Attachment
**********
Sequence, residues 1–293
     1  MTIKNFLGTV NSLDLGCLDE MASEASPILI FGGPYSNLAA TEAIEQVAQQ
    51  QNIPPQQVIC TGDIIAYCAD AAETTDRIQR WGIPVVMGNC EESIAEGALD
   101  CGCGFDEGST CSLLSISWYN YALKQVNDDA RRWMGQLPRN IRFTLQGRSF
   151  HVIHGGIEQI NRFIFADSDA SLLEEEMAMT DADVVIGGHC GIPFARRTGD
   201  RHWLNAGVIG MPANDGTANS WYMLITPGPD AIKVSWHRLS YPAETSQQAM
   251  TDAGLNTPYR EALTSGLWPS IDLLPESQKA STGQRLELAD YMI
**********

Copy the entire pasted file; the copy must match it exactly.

Sequence, residues 1–293
     1  MTIKNFLGTV NSLDLGCLDE MASEASPILI FGGPYSNLAA TEAIEQVAQQ
    51  QNIPPQQVIC TGDIIAYCAD AAETTDRIQR WGIPVVMGNC EESIAEGALD
   101  CGCGFDEGST CSLLSISWYN YALKQVNDDA RRWMGQLPRN IRFTLQGRSF
   151  HVIHGGIEQI NRFIFADSDA SLLEEEMAMT DADVVIGGHC GIPFARRTGD
   201  RHWLNAGVIG MPANDGTANS WYMLITPGPD AIKVSWHRLS YPAETSQQAM
   251  TDAGLNTPYR EALTSGLWPS IDLLPESQKA STGQRLELAD YMI